1950's Dorothea Lange print expeted to fetch up to $100,000 at auction
Perhaps one of the most famous photos of the Great Depression, a 1950’s-era gelatin silver print of Dorothea Lange’s famous image, Migrant Mother, will be auctioned on 12 May through Hindman Auctions.
The print was made sometime in the 1950’s under Lange’s direct supervision. Interestingly, the print was originally acquired from the family of the artist, and it also appears somewhat different to prints made earlier in that the subjects thumb has been removed from the image.
Lange originally captured the image in 1936, in Nipomo, California. The main subject of the image is Florence Ownes Thompson. Lange met her at a migrant camp occupied by field workers whose lives were devastated by the failure of pea crops. Lange had been employed by the Farm Security Administration, an organization that was formed to raise awareness of and provide aid to impoverished farmers.
Relating how the images was captured, Lange said years after its capture: “I saw and approached the hungry and desperate mother, as if drawn by a magnet. I do not remember how I explained my presence or my camera to her, but I do remember she asked me no questions. I made five exposures, working closer and closer from the same direction.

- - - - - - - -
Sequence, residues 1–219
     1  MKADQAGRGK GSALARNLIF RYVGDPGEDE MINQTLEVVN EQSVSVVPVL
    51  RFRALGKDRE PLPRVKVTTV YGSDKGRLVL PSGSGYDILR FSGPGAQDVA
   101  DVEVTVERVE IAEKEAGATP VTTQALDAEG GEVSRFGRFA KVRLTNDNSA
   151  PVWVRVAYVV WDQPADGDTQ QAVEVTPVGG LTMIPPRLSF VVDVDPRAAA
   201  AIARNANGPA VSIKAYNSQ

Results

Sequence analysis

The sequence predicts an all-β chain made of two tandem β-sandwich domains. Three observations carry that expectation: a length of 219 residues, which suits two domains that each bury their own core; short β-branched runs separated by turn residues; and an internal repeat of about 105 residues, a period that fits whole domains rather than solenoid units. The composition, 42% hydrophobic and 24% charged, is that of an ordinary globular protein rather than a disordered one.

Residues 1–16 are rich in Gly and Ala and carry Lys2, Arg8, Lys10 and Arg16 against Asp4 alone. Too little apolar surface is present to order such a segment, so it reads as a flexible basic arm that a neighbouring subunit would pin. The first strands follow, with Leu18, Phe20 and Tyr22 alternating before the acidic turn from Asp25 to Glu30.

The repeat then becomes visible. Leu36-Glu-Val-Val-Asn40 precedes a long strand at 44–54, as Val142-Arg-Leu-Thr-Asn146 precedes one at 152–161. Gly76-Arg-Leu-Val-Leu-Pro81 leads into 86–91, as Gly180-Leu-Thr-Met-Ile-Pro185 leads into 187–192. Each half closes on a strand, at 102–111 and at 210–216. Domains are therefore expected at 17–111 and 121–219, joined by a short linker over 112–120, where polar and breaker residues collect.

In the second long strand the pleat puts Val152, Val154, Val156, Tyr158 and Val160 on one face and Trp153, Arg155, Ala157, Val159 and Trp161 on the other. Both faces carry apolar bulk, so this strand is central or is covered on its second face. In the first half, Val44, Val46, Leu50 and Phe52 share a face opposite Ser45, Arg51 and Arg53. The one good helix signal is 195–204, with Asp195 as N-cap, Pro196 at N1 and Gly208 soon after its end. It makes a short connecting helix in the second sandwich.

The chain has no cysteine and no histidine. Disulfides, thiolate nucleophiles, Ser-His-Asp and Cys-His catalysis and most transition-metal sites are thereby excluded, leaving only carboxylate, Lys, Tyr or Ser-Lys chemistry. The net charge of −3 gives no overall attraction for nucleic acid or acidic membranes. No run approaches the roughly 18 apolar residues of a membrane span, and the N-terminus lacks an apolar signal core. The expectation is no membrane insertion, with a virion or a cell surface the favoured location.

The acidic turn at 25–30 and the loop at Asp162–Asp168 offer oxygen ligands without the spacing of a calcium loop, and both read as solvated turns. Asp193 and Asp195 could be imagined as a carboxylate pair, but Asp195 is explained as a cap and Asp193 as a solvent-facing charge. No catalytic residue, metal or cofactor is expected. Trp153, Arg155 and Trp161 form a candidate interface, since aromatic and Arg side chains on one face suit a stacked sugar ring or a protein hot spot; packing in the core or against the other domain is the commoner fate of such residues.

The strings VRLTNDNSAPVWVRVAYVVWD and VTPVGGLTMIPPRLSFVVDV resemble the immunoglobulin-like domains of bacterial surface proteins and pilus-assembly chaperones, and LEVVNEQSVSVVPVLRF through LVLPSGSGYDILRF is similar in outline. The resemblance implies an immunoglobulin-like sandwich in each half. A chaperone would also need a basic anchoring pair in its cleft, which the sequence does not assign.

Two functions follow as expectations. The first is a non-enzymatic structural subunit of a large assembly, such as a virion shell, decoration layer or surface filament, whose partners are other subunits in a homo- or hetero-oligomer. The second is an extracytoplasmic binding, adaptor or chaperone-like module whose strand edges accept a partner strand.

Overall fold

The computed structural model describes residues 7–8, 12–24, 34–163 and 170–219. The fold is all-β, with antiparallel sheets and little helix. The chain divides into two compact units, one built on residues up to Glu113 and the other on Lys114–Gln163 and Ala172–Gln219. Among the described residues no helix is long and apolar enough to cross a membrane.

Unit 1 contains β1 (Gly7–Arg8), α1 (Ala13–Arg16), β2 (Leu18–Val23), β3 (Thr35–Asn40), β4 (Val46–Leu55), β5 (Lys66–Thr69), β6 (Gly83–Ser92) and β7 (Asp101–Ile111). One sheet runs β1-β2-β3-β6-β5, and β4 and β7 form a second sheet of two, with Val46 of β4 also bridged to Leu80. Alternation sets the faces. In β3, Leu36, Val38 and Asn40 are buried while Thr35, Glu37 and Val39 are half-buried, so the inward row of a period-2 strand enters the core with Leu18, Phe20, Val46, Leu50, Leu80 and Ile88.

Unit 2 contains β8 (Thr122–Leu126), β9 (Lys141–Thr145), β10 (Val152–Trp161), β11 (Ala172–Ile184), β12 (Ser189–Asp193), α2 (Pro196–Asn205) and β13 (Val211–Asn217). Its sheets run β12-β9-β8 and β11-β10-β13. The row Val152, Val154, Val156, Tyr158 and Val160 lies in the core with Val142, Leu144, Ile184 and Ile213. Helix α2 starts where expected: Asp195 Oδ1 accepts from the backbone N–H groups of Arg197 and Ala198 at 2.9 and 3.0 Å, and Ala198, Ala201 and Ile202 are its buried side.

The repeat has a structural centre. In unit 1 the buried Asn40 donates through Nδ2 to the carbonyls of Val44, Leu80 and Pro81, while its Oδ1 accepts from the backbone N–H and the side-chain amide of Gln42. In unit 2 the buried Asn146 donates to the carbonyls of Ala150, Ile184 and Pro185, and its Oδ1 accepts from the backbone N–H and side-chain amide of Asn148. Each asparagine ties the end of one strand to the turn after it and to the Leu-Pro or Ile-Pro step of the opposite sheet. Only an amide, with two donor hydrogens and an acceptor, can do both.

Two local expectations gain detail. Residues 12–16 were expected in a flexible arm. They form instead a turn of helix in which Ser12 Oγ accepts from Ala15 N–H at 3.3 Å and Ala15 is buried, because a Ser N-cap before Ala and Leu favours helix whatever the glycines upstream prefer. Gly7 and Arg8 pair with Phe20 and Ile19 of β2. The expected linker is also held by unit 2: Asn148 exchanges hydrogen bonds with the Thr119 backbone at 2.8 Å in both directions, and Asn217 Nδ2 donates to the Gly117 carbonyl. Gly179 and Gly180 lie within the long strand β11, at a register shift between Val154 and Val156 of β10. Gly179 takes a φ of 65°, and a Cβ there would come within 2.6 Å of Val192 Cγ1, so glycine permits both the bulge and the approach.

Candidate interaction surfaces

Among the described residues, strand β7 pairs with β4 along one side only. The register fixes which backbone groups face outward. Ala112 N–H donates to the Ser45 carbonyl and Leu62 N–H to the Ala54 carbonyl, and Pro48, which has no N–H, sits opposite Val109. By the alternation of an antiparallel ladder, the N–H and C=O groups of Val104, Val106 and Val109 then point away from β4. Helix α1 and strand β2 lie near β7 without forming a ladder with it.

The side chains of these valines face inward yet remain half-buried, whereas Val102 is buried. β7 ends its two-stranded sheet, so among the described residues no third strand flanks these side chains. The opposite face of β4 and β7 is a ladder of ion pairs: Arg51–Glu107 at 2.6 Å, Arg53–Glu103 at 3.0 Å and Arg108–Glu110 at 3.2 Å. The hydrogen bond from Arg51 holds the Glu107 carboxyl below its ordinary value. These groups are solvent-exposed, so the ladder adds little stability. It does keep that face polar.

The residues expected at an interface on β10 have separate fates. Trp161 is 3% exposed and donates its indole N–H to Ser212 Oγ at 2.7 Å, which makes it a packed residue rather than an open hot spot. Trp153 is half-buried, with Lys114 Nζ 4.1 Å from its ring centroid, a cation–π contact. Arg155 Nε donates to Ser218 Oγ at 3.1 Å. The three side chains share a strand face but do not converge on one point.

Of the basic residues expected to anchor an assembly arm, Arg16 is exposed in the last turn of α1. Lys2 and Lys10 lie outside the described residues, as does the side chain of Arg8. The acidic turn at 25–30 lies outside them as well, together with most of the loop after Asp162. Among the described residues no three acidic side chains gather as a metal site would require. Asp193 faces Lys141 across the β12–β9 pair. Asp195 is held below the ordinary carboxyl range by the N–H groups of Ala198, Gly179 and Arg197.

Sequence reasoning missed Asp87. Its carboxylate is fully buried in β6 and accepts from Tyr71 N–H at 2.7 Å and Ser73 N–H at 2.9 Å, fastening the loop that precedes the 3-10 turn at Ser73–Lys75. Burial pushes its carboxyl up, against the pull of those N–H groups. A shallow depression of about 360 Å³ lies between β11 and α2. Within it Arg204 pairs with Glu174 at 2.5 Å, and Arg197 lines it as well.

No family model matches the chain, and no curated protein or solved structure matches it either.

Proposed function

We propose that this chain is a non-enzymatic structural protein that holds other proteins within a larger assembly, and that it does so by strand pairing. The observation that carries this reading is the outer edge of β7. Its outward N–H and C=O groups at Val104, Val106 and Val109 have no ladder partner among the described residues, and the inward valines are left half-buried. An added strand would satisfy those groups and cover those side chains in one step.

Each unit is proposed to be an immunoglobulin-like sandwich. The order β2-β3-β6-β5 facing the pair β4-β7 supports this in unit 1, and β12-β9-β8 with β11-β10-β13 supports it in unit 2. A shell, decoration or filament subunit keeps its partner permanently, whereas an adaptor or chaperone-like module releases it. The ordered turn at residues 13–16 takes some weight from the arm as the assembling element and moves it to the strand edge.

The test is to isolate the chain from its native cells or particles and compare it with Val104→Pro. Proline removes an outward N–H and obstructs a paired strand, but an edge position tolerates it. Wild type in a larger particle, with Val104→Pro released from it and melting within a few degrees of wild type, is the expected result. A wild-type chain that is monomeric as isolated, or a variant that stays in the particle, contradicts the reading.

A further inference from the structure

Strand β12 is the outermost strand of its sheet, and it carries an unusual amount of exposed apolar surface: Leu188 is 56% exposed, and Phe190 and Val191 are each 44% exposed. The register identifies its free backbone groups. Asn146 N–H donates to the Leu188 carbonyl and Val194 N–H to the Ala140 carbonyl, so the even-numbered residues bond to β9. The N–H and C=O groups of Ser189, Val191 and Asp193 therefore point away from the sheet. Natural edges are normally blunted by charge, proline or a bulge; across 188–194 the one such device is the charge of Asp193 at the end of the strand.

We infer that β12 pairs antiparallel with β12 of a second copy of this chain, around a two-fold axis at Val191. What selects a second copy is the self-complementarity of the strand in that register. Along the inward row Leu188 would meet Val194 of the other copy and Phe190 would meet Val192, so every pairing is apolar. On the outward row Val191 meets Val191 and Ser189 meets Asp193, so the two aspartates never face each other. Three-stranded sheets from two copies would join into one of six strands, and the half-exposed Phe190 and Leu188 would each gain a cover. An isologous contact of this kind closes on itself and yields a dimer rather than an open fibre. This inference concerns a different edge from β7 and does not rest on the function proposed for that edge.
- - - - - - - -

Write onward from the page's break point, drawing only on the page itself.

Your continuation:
“I did not ask her name or her history. She told me her age, that she was thirty-two. She and her children had been living on frozen vegetables from the field and wild birds the children caught. The pea crop had frozen; there was no work. Yet they could not move on, for she had just sold the tires from the car to buy food. There she sat in that lean-to tent with her children huddled around her, and seemed to know that my pictures might help her, and so she helped me. There was a sort of equality about it.”
Migrant Mother is expected to fetch between US$50,000-$70,000 ($A$71,000-$100,000).
To learn more about the image, follow this link.
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